(on preview: like what mkultra said.)
posted by Sprout the Vulgarian at 9:18 AM on February 27, 2006


This may be completely apocryphal, but I seem to remember someone telling me it hailed from the days when there were fire horses, not fire trucks in the garage area. Stairs were a problem.... for some reason ? Maybe the horses tried to walk up them ? I'm not sure, but that's what I was told.... maybe snopes has something on this.
posted by GreenTentacle at 9:25 AM on February 27, 2006


It's a uniquely American fastest-path solution.

Is it? There's a scene in Bridget Jones' Diary where she slides down a fire station poll badly - that implies it's not uniquely American.
posted by jacquilynne at 9:33 AM on February 27, 2006



This may be completely apocryphal, but I seem to remember someone telling me it hailed from the days when there were fire horses, not fire trucks in the garage area. Stairs were a problem.... for some reason ? Maybe the horses tried to walk up them ? I'm not sure, but that's what I was told.... maybe snopes has something on this.


Not to be a killjoy, but how would the firefighters get to the second floor if there wasn't a staircase?
posted by cloeburner at 10:21 AM on February 27, 2006


Not that this was part of your question, but there's a small foundry in the Boston suburbs that now makes every firepole installed in the United States. Apparently they had one competitor at some point (until the 1970s, if I recall) but it's a small market!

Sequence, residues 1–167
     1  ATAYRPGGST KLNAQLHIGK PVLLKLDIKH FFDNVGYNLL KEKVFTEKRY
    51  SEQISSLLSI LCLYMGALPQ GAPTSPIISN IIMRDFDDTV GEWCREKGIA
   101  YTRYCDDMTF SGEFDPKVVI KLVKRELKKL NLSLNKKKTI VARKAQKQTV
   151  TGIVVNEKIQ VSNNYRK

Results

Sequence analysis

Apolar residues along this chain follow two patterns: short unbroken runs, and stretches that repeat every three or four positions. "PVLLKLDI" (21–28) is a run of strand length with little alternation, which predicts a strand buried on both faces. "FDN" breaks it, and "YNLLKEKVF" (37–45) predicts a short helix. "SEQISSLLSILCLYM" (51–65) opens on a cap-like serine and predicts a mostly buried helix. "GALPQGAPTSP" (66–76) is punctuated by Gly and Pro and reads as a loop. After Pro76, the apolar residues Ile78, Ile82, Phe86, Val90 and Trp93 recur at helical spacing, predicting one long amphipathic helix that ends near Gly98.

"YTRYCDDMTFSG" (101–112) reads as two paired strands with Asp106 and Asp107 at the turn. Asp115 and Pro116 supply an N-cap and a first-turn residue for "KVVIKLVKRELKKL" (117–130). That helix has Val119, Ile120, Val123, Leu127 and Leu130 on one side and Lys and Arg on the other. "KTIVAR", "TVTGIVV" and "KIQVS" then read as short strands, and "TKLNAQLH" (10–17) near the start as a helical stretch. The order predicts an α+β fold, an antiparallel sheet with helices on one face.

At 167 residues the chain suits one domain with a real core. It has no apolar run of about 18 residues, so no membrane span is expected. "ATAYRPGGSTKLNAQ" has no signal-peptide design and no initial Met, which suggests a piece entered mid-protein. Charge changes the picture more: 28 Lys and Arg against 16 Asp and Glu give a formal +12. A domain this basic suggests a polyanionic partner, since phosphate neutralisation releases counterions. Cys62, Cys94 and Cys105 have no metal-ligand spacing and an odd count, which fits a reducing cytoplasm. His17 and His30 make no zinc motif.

posted by whatzit at 10:27 AM on February 27, 2006


It's a uniquely American fastest-path solution.

They certainly used to have them in the UK, too, although I'm not sure if they do any more (a search of the relevant Government department site didn't throw anything up). See here and here for starters.
posted by greycap at 10:28 AM on February 27, 2006


I actually remember something like what GreenTentacle was saying about horses and stairs, so I did a search. The first item is a NPR segment where they say firepoles were developed after someone noticed the firemen slid down the banisters that were used to lower hay from the hay-loft down to the horses, as a time saver.

Keep in mind the development of fire fighting in general. This used to be a loose effort amongst citizens. When the alert went out (different methods existed) citizens would show up with buckets and form a human chain to the nearest water source, passing the buckets of water back and forth as fast as possible. Towns and cities with larger budgets had the capital available to make this more efficient, so fire horses and fire houses developed in those places as a result. However the only towns and cities with such budgets would have been dense areas were space was a concern, hence the two story nature of things.

I suspect the firehouses in remote areas followed suit, partly because that was how things were done but also because it just seems to make more sense. Unless the living quarters are right next to the trucks there will be a hallway to go through, which removes the time advantage when compared to gravity. Another factor lies with the hayloft itself. A lot of fires started in the haylofts so it makes sense to keep the fire fighters near that place first, as they weren't much good if the firehouse burnt down.* Things probably stayed this way even after the invention of the firetrucks because the other option is equal to having a bedroom next to the garage with a door going between them, which doesn't sound safe or healthy.